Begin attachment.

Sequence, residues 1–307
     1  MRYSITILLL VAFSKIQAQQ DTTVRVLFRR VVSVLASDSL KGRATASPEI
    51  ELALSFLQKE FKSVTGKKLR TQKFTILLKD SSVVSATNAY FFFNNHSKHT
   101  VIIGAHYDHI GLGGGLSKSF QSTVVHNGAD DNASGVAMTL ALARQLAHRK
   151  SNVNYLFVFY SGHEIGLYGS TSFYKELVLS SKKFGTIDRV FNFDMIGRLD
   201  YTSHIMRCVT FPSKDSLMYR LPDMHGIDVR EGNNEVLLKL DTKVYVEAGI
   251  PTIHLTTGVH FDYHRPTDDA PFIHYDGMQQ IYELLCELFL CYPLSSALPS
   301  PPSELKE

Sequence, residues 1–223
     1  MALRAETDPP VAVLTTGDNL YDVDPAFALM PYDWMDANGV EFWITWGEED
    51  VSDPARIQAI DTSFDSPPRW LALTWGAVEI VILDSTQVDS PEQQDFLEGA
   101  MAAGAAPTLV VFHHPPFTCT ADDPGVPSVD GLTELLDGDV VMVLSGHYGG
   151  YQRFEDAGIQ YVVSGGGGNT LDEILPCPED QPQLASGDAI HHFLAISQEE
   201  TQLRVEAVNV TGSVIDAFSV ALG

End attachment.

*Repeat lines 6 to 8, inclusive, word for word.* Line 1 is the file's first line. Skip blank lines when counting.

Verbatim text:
   201  YTSHIMRCVT FPSKDSLMYR LPDMHGIDVR EGNNEVLLKL DTKVYVEAGI
   251  PTIHLTTGVH FDYHRPTDDA PFIHYDGMQQ IYELLCELFL CYPLSSALPS
   301  PPSELKE